How I Got my Start in Publishing
Updated: Mar 15
If an eccentric millionaire offers you your dream job, say yes!
Very often people in publishing have come from an English Literature background, sometimes with an MA in Publishing, but that’s changing over time. The industry needs people with various skills and knowledge beyond having read all of the classics and as I’ve learned from experience there’s no one right way into the industry.
In college I studied Liberal Arts then completed a BA with a Major in Political Science and a Minor in Philosophy, followed by an MA in Public Policy all from Concordia University in Montreal. I worked for the Canadian federal government for eight months and then moved to London to work as a PA and Policy Officer for the Greater London Authority. The job wasn’t totally satisfactory (read: it was a waking nightmare) and after five months I left to find something else that interested me more.
I had always loved books so when I saw Inspired Selection advertising a role for editors I applied. They got back to me to say they usually prefer their editors to have more experience in editing (fair point) but they liked my CV and brought me in for an interview. After a couple of weeks they had a temporary PA role available at a small publisher in East London and since I wasn’t working anywhere else at the time I took the job.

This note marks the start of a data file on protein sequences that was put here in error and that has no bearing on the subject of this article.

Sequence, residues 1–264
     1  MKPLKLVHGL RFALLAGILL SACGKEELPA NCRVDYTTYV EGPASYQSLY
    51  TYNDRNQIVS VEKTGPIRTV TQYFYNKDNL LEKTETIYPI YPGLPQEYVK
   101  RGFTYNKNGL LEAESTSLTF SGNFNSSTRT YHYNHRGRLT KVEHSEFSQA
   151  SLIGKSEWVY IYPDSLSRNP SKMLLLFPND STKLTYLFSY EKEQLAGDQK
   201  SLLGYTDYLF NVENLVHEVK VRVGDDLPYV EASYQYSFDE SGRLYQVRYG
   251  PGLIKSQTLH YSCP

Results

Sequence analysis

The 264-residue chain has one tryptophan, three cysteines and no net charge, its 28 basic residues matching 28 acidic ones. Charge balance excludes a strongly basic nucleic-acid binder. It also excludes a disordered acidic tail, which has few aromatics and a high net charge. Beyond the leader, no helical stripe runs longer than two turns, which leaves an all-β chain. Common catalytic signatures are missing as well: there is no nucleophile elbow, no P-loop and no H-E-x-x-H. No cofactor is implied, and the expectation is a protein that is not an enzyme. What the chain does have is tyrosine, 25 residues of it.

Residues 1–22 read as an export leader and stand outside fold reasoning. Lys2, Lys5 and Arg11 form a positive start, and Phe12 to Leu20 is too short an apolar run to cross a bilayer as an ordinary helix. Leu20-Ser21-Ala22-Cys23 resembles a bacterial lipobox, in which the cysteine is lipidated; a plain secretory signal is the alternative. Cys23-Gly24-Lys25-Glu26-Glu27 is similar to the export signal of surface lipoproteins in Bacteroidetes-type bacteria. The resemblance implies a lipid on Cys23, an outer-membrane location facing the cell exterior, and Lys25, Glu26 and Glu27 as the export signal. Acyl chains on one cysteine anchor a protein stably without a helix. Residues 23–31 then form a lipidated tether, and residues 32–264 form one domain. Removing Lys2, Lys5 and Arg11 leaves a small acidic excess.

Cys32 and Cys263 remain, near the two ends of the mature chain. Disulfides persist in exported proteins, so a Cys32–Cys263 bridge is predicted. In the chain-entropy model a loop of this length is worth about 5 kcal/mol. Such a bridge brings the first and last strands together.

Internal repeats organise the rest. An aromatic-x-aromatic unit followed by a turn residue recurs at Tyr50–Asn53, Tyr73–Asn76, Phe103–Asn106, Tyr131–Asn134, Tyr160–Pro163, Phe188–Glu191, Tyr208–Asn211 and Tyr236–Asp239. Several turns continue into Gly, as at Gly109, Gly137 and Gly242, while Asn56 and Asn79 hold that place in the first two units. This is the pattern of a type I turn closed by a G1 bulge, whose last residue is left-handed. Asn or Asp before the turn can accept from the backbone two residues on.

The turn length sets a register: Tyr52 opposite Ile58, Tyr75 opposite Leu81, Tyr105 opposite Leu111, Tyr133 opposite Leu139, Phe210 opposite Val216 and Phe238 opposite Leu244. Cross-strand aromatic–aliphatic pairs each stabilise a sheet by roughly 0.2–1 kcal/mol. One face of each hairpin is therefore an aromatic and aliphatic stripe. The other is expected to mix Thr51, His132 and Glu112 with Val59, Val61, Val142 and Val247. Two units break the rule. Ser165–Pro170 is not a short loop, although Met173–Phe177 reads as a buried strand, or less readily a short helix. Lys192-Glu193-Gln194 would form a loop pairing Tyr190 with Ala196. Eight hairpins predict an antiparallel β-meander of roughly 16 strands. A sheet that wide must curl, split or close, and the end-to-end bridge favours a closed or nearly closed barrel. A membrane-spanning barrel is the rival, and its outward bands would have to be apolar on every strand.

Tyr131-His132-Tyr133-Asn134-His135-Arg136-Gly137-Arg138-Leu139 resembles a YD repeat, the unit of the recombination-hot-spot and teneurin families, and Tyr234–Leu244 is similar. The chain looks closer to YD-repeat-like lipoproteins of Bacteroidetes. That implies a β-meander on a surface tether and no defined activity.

When I arrived the owner had a row with the Sales and Marketing Manager who a couple of days later quit and suddenly there was an opening. By then the owner had taken a liking to me and offered me the role and I… turned it down! Not quite. I wanted to be honest with him and told him I didn’t have any experience in Sales or Marketing or Publishing and so I wasn't sure I should be his first pick. But he felt confident that I would rise to the occasion. So I proposed he take me on for a one month period to see if I liked the job, if I was any good at it and then if we both agreed it was a match then we’d sign me up as permanent staff.
Six years later I’ve gone from an executive role, to a manager role and now a director role at Duckworth so it certainly worked out for everyone in the long-run. That being said, if an eccentric millionaire offers you a job in your dream industry, don’t be a fool and play coy - say ‘yes’ and figure the rest out from there. You need to be your greatest career advocate and take every opportunity that comes your way or someone else will snap it up in a heartbeat.
Today I look back on my initial editorial interest and realise there's so much more to the industry and a book's success than who shapes the book with the author. In a future post I'll discuss some of the different roles in publishing and what skillsets and personality types are best suited to them - starting with sales!